NATIONAL INTELLIGENCE ESTIMATE
Probable Soviet Objectives in Rearming Arab States
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DEPUTY DjfttCTOR OF CEWTRAL INTELLIGENCE Concurred in by lhc UNITED STATES INTELLIGENCE BOARD Ai indkaled ovacloo'7
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. J. Smith, foi Ih, Ocpul,Confrol Intelligence
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It. Gon ioteph f. Canoll. Director. Defense Intelligence Agency Ll. Ooo. Marshall S.h* Oi.ociOf. Nolionol Smri, Agency
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PROBABLE SOVIET OBJECTIVES IN REARMING ARAB STATES
Moscow's dismay at the Arab debacle, ilsstill to expand ils influence in lhe Middle East and, with thcthc radical Arab regimes, to undermine lhat of the US. Bulthe Soviet leadersilemma: to gain favor with theby providing arms, and yet to avoid fomentingwar.
Soviets have already replaced much of the fighterand some of thc other materiel lost in thc war, andthat they have, at least in general terms, given thethat the losses will be restored. But we think thatdefer final decision concerning the ultimate level ofwill wish to confine its material and political support of thea scope and nature that will avoid severe risk of provocativeor of Israeli preemption.
demonstrate Soviet support of thc Arabs against IsraelUS, Moscow has already expanded its presence in the area.likely tourther influx of Soviet advisers, instructors,And, though the USSR will continue to be warybase agreements and will almost certainly avoid signingpacts, there is likely to be an increased Soviet militaryArab ports and mibtary facilities.
Soviets will probably try to exercise more influencepolitical leaders and the military establishments of thestates. Wc do not believe that the latter wish to Join thecamp, but they mayloser relationship with thc I'SSIl
I. RESUPPLY OF ARAAAMENIS
Over (he Aorta years price lo Ihe outbreak oi hostilitieshe USSR supplied military equipmentalue of aboutillion to the UAR, Syria. Iraq, and Algeria. This consistedide variety of ground, sea, and air armaments, including such up-to-date equipment as theighter bomber,5 tank, and the Kotnar missile patrol boat. The USSR has also provided extensive training and technical assistance.rab military personnel have been trained in the Soviet Union,he but two years an average ofoviet military advisers were preseni innn Syria,n Iraq. Most of these advisers were located at training centers, although there were Soviet icehnlclam at Egyptian SAM sites and Soviet officers stationed with the units in southwest Syria.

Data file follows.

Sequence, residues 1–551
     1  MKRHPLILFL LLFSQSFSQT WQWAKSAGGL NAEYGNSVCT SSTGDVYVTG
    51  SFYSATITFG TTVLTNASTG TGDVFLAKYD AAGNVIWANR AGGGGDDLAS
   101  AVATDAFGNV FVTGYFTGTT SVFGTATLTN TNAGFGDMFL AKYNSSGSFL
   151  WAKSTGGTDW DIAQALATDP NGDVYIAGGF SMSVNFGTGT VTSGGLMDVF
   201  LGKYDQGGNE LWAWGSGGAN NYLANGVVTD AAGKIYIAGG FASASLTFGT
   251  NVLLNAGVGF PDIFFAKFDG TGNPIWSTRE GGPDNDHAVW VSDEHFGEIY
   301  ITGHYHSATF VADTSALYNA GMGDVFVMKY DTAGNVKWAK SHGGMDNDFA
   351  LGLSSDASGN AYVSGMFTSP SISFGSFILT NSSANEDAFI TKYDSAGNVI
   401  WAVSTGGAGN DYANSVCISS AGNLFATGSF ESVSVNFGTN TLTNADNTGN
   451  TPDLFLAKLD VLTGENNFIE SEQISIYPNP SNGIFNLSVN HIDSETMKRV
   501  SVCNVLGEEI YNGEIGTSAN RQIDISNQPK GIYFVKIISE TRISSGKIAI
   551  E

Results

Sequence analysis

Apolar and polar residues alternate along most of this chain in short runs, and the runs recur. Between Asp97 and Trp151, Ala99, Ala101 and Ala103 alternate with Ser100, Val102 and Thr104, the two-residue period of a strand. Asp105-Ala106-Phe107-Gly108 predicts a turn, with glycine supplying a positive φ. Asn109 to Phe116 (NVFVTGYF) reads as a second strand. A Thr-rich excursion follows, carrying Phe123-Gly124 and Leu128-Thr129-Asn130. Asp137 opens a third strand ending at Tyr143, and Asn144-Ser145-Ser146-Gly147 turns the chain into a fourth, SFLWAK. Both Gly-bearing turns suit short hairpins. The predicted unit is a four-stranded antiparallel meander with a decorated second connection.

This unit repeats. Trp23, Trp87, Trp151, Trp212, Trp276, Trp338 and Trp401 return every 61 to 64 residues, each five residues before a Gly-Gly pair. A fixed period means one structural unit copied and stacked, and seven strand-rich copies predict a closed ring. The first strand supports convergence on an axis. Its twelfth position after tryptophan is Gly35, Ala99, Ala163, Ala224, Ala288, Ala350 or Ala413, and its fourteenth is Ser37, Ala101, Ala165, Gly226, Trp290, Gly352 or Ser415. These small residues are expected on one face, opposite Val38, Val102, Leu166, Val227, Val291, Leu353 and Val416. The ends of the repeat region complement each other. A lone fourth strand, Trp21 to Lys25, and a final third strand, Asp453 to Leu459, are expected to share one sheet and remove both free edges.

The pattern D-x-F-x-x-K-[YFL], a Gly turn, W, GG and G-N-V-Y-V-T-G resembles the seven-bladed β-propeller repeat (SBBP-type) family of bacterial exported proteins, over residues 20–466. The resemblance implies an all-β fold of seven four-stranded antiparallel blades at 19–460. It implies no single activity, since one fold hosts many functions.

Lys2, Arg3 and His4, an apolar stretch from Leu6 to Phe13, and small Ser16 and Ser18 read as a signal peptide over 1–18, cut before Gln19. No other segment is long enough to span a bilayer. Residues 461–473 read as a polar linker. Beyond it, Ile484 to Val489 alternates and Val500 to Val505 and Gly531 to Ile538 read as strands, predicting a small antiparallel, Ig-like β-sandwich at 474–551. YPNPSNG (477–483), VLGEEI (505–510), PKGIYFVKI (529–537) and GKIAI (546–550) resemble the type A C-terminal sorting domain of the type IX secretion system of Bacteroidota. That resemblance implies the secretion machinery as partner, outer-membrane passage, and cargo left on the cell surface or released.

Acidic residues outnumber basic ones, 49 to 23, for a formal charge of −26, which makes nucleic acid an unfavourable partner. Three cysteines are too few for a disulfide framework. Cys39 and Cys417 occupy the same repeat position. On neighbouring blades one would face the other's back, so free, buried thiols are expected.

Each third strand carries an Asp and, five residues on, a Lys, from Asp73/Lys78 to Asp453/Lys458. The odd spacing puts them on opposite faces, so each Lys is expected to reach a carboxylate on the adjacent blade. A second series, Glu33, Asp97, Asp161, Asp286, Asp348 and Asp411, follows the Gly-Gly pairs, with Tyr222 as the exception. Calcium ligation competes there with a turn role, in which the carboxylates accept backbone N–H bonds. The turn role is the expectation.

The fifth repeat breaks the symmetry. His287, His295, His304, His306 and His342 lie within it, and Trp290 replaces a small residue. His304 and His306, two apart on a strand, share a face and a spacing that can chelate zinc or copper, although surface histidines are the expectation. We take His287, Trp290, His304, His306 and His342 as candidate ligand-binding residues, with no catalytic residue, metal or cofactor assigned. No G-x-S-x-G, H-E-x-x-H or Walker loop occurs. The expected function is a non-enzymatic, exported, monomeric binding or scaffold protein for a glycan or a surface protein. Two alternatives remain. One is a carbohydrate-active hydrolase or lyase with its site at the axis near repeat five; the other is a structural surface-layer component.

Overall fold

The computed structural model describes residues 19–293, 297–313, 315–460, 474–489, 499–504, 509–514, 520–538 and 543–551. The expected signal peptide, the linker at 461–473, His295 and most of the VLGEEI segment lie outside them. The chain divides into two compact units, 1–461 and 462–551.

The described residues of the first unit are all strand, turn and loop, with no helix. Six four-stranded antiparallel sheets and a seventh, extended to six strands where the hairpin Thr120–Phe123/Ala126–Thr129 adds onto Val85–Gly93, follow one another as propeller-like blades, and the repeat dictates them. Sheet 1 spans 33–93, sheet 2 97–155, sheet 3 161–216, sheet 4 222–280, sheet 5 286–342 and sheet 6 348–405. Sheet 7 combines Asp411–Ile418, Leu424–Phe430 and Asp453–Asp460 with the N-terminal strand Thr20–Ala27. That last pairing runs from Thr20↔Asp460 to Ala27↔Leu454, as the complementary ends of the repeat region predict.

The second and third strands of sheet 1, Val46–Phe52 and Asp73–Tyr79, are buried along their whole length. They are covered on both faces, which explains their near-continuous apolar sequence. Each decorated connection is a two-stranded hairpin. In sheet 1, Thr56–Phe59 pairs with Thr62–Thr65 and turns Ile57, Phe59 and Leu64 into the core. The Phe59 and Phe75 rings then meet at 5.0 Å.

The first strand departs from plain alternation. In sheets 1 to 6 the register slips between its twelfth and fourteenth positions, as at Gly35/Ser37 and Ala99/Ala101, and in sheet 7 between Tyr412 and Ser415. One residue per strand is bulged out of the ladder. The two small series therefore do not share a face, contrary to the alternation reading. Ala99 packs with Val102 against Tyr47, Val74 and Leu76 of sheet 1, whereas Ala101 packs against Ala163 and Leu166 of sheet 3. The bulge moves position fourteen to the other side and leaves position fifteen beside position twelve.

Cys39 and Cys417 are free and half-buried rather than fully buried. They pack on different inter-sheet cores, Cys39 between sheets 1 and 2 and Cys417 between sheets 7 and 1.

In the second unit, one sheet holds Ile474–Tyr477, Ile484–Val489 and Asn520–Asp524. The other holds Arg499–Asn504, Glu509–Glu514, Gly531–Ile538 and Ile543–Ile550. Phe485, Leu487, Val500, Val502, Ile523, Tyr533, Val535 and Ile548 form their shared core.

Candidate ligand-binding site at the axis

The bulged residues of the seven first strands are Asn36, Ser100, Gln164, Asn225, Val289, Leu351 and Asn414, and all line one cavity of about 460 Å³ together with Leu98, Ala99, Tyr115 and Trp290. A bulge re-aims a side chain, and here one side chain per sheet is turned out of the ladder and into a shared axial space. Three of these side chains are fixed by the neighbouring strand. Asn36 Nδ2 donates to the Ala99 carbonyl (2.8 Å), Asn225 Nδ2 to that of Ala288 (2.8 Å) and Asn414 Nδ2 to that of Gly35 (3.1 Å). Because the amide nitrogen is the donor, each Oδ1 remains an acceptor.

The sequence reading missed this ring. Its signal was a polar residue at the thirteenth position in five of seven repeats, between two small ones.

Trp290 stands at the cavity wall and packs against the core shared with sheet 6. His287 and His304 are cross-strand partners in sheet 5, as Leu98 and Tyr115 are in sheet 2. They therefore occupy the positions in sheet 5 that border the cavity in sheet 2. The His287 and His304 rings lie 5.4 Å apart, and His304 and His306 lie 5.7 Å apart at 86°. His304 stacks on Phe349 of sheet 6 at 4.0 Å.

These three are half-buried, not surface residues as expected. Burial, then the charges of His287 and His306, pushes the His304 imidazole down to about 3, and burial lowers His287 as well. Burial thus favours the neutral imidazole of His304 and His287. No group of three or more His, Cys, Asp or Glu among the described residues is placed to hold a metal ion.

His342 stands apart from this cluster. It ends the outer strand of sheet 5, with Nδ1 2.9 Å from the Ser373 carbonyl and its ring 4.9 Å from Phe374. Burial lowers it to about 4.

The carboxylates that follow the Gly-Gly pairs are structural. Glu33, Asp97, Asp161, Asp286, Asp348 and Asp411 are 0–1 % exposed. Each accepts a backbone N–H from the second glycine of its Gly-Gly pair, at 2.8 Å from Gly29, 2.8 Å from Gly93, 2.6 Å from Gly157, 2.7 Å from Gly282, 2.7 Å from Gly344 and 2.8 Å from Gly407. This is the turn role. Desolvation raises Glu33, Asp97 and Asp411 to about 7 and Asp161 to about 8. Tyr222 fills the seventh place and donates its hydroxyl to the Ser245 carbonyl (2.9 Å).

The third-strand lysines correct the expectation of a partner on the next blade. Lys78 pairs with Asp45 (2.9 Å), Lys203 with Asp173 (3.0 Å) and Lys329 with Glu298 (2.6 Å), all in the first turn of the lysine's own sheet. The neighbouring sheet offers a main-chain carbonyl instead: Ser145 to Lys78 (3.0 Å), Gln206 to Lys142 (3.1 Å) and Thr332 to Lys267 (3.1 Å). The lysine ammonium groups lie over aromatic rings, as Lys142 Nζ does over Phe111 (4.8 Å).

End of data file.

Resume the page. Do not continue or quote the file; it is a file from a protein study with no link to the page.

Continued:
The war severely damaged the Arab armed forces. Thc UAH lost about two-thirds of its fighter aircraft,ercent of its bombers, and half Ns ranks. The Sinai fighting eliminated from the Egyptiannfantryrmored division, andl itsndependent brigades. Personnel losses were heavy. While casualties among .igyptian pilots were probably light, as mr*s( aircraft were destroyed on the ground, losses among armored vehicle crews almost certainly were high. There was also considerable damage to radar installations and SAM sites. Piobably at least as significant was the damage to morale and to leadership. Tbe UAR military is unlikely to have much stomach to fight the Israelis soon. The military command ami control structure was apparently shattered, at least temporarily, and the top command has been changed.
Thc Syrian aimed forces also suflcred heavily. They lost most of their fightersuarter of their tanks The Syrian top command was badlyprior to hostilities and is now probably in worse shape, reducing its ability to engage In military actions.
Tho Iraqis and the Algerians played little part in tlvo actual hostilities. The Iraqi ait forceightersombers, some in combat over Israel, others on the ground. The Iraqi infantry was only slightly engaged and suffered few losses. The host iii ties had little effect on the command and control structure of the Iraqi army. The Algerians played no direct role io the fighting, confining their activity largely to transferring Soviet equipment from their Inventory to the- UAR. Their armed forces were thus almost entirely unaffected by tho war and they continue toesumption of thc conflict.
In thc period just before thc war. Moscow was apparently willing to meet Arab requests for military equipment, late in May. the USSR agreed to dispatchanksumber of vehicles to thc UAR. During thc war. the Sovietsmall number of flights which we believe lo have carried military